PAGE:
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From The New Monthly Magazine. Paris, as it threatens to become again ere
long. On many occasions, however, JoseRECENTLY great sensation was excited phine was too poor to buy bread, and had to among English readers by the publication of depend for her supply on the charity of the life of that great and good woman, the friends. When her estates were restored Duchess of Orleans. In our present paper her, all this changed: Eugène doffed his we propose to run through the life-history blouse and gave up the carpentry trade to of another very remarkable woman, the begin his military education, while Hortense mother of the present emperor of the remained with her mother, and enjoyed the French, whose memory has been strangely advantage of the best masters Paris could disregarded in this country. We are there- produce. fore glad to see a memoir of her announced It was at Madame Tallien's house that Join the papers, and, en attendant, offer our sephine met Napoleon, and formed a strong readers the following details :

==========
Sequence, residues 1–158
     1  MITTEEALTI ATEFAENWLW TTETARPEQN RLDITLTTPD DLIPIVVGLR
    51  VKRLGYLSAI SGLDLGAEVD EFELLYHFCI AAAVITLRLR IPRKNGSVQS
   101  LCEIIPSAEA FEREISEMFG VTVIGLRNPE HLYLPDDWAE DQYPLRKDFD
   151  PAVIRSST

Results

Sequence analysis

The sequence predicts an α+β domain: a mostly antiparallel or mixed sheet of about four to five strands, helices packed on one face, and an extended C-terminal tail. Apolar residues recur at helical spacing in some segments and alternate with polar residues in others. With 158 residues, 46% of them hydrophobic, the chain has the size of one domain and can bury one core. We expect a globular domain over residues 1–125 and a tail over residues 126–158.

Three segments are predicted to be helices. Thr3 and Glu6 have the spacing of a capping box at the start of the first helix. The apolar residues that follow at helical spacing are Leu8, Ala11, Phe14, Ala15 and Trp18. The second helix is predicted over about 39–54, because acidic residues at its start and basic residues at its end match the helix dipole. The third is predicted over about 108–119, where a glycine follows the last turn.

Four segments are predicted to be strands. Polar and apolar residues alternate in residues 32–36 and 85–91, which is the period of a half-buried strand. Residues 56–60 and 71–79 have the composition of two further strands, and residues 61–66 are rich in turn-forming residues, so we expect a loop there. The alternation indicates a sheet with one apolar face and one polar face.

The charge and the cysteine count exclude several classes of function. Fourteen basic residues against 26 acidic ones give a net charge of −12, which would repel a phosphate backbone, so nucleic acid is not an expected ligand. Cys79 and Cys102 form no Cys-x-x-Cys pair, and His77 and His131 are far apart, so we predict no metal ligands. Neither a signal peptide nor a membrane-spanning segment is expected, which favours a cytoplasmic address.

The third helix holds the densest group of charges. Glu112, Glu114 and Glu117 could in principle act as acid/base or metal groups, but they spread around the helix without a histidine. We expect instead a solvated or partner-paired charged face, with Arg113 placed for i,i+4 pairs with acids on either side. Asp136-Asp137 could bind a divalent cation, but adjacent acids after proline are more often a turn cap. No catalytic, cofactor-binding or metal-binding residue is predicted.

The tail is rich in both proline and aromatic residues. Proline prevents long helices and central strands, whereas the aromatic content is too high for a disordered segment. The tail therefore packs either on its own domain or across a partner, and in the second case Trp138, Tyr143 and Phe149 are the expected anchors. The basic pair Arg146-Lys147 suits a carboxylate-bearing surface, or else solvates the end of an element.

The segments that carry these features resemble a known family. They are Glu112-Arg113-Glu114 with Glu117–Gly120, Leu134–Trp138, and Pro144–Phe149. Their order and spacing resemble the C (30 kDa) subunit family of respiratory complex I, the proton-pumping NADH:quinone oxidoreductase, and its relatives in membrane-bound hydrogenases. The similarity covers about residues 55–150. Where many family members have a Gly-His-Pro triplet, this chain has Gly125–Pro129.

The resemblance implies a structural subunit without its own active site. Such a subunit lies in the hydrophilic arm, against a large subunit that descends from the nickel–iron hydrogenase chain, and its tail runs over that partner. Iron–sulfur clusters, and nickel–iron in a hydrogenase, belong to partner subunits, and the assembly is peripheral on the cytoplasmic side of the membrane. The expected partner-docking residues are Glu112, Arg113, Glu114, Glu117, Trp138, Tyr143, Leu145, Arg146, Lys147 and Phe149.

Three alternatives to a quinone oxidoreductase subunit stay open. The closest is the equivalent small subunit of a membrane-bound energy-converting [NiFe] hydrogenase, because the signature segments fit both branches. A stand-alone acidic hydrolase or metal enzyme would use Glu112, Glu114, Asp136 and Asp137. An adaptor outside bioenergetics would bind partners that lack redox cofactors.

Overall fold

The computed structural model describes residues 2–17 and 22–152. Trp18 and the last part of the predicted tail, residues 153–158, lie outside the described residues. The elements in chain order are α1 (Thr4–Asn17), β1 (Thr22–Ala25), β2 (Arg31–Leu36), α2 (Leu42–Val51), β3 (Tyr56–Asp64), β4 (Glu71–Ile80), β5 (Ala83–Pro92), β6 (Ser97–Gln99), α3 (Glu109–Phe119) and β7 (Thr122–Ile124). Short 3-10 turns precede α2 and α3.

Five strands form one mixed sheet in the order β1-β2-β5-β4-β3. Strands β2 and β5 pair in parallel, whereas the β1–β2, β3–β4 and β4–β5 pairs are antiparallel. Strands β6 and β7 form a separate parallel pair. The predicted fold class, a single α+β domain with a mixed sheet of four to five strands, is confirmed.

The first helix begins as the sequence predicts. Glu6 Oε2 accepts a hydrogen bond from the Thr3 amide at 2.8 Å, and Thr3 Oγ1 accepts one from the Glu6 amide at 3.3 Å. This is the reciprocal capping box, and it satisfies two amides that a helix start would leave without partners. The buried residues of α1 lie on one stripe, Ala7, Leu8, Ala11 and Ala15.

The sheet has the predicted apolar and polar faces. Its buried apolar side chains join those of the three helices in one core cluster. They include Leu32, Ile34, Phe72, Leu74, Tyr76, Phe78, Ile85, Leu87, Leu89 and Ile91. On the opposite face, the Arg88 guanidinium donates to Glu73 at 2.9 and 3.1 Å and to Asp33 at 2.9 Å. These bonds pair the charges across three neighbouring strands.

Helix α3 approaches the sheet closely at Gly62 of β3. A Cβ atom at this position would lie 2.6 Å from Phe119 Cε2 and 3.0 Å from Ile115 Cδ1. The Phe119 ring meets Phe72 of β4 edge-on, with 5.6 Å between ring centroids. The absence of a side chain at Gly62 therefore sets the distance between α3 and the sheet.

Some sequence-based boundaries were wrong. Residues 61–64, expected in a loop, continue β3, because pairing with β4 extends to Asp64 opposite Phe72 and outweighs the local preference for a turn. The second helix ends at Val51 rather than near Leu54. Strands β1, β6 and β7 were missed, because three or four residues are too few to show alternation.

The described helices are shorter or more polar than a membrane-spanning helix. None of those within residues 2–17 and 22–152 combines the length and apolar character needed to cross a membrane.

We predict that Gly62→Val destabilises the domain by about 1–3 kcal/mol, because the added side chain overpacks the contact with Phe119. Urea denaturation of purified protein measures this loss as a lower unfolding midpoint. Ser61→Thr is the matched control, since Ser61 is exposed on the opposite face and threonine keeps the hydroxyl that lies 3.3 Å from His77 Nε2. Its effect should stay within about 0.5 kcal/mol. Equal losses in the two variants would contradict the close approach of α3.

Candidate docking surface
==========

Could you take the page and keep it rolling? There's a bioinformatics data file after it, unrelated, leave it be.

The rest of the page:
attachment for the young general, in spite Hortense was the daughter of Viscount de of the warnings of her friends, who saw in Beauharnois, who had married, against the him a soldier and nothing more. Napoleon wish of his relatives, Mademoiselle Tascher was anything but a lady's man, and paid de la Pagerie, of Martinique. The marriage them the quaintest compliments. Thus he was an unhappy one, and it was only the fact said once to the Duchess of Chevreuil, of two children being born to them that " What splendid red hair you have !” To prevented their separation. At last the dis- which the lady replied, “Very possibly, sire; putes became so violent that the wife deter- but it is the first time a man has told me mined to return to her island home, taking so.” But, for all that, he had eyes for Joher little daughter with her. Ere long, sephine's beauty, and was ready to give up however, the revolution reached Martinique, his ambitious dreams to live happy with her. and Josephine had to fly with Hortense, and A few weeks after the honeymoon was with great difficulty escaped on board a over the ambitious dreams returned, howmerchantman while the maternal house was ever, with full force, and Bonaparte started burning. On her return to Paris, the vis- for Italy, taking Eugène with him, while count for a long time refused to see her, but, Hortense was sent to Madame Campan's by the intercession of friends, they were school, where she spent several happy years brought together again, only to be parted with her aunt, Caroline Bonaparte, and her and forever by the revolution.